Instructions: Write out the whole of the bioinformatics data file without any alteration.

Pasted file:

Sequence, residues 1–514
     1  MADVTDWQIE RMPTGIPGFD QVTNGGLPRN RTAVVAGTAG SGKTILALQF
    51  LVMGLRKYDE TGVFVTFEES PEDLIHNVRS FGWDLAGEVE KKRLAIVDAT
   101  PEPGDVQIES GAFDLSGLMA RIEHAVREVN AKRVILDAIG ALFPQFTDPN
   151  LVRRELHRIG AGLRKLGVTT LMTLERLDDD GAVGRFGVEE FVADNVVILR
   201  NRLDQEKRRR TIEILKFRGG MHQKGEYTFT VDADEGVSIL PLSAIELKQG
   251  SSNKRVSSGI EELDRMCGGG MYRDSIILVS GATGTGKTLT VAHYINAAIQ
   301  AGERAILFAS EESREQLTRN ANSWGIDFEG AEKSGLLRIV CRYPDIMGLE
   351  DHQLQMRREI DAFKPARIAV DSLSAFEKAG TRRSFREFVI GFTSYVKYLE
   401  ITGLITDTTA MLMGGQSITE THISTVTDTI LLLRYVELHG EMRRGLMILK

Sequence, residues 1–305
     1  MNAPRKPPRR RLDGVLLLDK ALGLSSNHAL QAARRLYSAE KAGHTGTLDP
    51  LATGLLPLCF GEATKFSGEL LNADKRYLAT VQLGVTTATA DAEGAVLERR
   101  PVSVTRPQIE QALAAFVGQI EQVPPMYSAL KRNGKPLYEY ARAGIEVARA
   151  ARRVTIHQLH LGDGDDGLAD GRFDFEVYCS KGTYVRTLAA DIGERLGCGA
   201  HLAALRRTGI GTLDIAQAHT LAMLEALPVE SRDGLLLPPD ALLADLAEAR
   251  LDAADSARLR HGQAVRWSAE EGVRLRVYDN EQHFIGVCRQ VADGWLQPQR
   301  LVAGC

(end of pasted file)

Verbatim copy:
Sequence, residues 1–514
     1  MADVTDWQIE RMPTGIPGFD QVTNGGLPRN RTAVVAGTAG SGKTILALQF
    51  LVMGLRKYDE TGVFVTFEES PEDLIHNVRS FGWDLAGEVE KKRLAIVDAT
   101  PEPGDVQIES GAFDLSGLMA RIEHAVREVN AKRVILDAIG ALFPQFTDPN
   151  LVRRELHRIG AGLRKLGVTT LMTLERLDDD GAVGRFGVEE FVADNVVILR
   201  NRLDQEKRRR TIEILKFRGG MHQKGEYTFT VDADEGVSIL PLSAIELKQG
   251  SSNKRVSSGI EELDRMCGGG MYRDSIILVS GATGTGKTLT VAHYINAAIQ
   301  AGERAILFAS EESREQLTRN ANSWGIDFEG AEKSGLLRIV CRYPDIMGLE
   351  DHQLQMRREI DAFKPARIAV DSLSAFEKAG TRRSFREFVI GFTSYVKYLE
   401  ITGLITDTTA MLMGGQSITE THISTVTDTI LLLRYVELHG EMRRGLMILK

Sequence, residues 1–305
     1  MNAPRKPPRR RLDGVLLLDK ALGLSSNHAL QAARRLYSAE KAGHTGTLDP
    51  LATGLLPLCF GEATKFSGEL LNADKRYLAT VQLGVTTATA DAEGAVLERR
   101  PVSVTRPQIE QALAAFVGQI EQVPPMYSAL KRNGKPLYEY ARAGIEVARA
   151  ARRVTIHQLH LGDGDDGLAD GRFDFEVYCS KGTYVRTLAA DIGERLGCGA
   201  HLAALRRTGI GTLDIAQAHT LAMLEALPVE SRDGLLLPPD ALLADLAEAR
   251  LDAADSARLR HGQAVRWSAE EGVRLRVYDN EQHFIGVCRQ VADGWLQPQR
   301  LVAGC